This hunger is certainly appeased at a price. Imperialism, 'future shock', nuclear bombs, social alienation and many other evils can be attributed to this craving for newness and change and discovery. I have always admired the Amish for the choice they have made, which runs entirely counter it. As a conservative, I have even sometimes seen this urge as a kind of original sin. And yet-- there is something inexpressibly noble in it too. I think it is so much a part of us to escape, anyway.
(Of course, the journey into the unknown and the transcendent finds its ultimate fulfillment in God. God is the final frontier.)
My favourite line in the whole poem is probably that very simple line:
And manners, climates, councils, governments.
In one line we have a kind of mini-epic of Ulysses's travels, and its very vagueness makes it more vivid. There is something tremendously powerful in a one-line list of nouns. The same appeal lies in Milton's evocation of the angelic hierarchy in Paradise Lost:
Thrones, Dominations, Princedoms, Virtues, Powers...
I think you either get this or you don't. It is the poetry of every litany.
'Ulysses' is a slow-burning poem, for all its urgency. Its pace seems to be summed up by the wonderful lines:
The long day wanes, the slow moon climbs, the deep
Moans round with many voices.
I generally don't like picture-painting in poetry, because I have no visual imagination, but Tennyson's picture-painting is so deft and so discreet that we can smell the sea breeze and see the stars beginning to emerge while hardly noticing any picture-painting going on.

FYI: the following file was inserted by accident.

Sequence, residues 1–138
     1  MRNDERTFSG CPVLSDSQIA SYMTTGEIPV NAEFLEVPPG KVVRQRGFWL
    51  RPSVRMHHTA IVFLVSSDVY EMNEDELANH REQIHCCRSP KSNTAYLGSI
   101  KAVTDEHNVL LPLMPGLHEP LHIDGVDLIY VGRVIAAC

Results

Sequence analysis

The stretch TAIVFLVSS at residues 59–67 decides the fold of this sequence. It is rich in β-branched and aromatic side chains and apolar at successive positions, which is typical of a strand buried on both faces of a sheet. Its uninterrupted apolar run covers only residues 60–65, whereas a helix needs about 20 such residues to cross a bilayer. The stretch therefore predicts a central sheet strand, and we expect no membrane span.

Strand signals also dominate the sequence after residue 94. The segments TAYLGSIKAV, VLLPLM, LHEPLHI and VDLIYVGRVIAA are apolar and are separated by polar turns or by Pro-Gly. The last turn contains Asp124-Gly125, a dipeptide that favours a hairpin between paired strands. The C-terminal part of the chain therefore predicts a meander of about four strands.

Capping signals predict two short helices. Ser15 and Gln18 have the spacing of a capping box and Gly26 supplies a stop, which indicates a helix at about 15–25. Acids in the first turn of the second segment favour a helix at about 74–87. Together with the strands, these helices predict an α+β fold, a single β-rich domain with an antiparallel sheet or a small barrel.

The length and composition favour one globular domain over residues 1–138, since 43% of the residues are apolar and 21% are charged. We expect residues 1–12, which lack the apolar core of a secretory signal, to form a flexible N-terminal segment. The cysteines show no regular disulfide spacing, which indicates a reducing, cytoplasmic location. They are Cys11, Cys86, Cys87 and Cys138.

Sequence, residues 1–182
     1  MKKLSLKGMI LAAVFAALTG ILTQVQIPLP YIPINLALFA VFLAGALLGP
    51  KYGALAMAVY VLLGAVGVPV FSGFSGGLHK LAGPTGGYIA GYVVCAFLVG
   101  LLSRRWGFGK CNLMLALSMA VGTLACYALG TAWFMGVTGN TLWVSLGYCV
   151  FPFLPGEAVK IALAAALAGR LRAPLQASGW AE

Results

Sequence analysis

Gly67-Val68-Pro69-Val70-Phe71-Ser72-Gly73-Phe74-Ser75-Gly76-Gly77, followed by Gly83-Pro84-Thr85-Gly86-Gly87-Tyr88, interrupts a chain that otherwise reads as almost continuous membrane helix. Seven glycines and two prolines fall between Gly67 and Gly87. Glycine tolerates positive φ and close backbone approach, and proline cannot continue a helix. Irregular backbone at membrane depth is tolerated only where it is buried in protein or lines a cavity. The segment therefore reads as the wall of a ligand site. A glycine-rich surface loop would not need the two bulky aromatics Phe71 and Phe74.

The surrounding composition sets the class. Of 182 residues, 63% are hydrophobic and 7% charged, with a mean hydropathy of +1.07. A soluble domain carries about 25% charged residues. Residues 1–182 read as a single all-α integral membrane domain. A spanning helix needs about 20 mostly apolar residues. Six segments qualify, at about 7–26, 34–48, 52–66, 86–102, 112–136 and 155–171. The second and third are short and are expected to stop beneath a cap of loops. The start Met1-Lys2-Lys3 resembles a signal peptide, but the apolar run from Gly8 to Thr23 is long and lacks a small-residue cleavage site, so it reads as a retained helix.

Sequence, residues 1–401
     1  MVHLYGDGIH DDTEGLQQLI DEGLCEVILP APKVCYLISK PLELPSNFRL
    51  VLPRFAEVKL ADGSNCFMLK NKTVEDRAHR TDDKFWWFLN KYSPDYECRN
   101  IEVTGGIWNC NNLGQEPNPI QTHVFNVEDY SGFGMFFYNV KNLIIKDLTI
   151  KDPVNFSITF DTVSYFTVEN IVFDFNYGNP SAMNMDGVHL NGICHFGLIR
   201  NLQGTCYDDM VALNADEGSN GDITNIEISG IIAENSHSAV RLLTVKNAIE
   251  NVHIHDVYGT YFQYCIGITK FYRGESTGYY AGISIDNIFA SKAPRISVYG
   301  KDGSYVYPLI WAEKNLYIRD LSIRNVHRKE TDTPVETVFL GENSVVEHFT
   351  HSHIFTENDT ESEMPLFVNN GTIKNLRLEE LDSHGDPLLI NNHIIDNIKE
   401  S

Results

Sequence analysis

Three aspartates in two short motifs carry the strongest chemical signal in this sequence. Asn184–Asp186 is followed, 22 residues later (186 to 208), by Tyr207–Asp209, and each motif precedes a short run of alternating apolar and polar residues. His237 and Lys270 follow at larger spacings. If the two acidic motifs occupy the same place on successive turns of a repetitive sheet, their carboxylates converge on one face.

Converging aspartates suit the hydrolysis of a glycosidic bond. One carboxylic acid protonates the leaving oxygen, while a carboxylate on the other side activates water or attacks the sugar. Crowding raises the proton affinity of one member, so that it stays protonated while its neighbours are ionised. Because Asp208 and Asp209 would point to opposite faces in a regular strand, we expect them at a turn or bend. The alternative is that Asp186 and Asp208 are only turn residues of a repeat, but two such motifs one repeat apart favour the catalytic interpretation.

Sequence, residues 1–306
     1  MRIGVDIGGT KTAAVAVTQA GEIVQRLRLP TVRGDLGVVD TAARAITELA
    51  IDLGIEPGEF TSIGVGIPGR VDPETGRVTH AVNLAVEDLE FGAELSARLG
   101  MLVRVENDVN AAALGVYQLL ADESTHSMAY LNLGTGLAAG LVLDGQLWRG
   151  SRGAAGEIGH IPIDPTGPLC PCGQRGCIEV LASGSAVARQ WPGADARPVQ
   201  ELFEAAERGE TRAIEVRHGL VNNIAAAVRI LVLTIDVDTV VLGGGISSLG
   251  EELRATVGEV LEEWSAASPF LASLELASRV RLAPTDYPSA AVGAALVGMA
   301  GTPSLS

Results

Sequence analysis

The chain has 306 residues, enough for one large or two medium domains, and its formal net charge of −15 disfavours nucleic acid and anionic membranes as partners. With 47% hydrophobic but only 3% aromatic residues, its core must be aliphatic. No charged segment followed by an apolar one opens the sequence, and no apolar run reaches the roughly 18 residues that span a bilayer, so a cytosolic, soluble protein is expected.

There aren't many 'currants' or purple patches in this poem-- although you could say it's all one purple patch. The language is extremely plain and dignified and there are few obvious flourishes. This is part of its appeal to me, though I have nothing in the least against flourishes in themselves.
Finally, the pathos of the last lines-- where Ulysses decides that he is, to put it bluntly, going to die with his boots on-- is incalculable. "That which we are, we are." This is perhaps the thing I find most noble about noble old men. A man is never more dignified and heroic than when he is confronting his own failing mental and bodily powers. Don't we all feel that, no matter how many victories a hero enjoys, the moment of his greatest heroism is the moment of his defeat? (Only recently I saw a painting, on the wall of a private home, of Napoleon's surrender, and was quite moved at the sight, and by the fact that my friend had chosen it for his wall.) Interestingly, one of the other Tennyson poems on this list-- The Passing of Arthur-- is also about a hero confronting his own failing powers and his own death.
This pathos and dignity can be illustrated by a thousand examples. I will only mention two I especially like. First, the words of Ronald Regan when he announced he had Alzheimer's: ""I now begin the journey that will lead me into the sunset of my life."
Second, the last words of 'The Battle of Maldon', an Anglo-Saxon poem describing a defeat of Anglo-Saxon warriors against Vikings: "Mind must be the stronger, heart the bolder, courage must be the greater, as our might lessens."
Perhaps there is nothing more decadent about our society than its increasing tendency to see euthanasia as 'dignified'. There is nothing dignified about being put down like an animal, though we might have compassion for somebody who makes that choice. Dignity is persevering until the end. Dignity is an old man, who was once a virile youth, hobbling from room to room, but remaining undaunted. Dignity is to say with Ulysses:
Tho' much is taken, much abides; and tho'
We are not now that strength which in old days
Moved earth and heaven, that which we are, we are;
One equal temper of heroic hearts,
Made weak by time and fate, but strong in will
To strive, to seek, to find, and not to yield.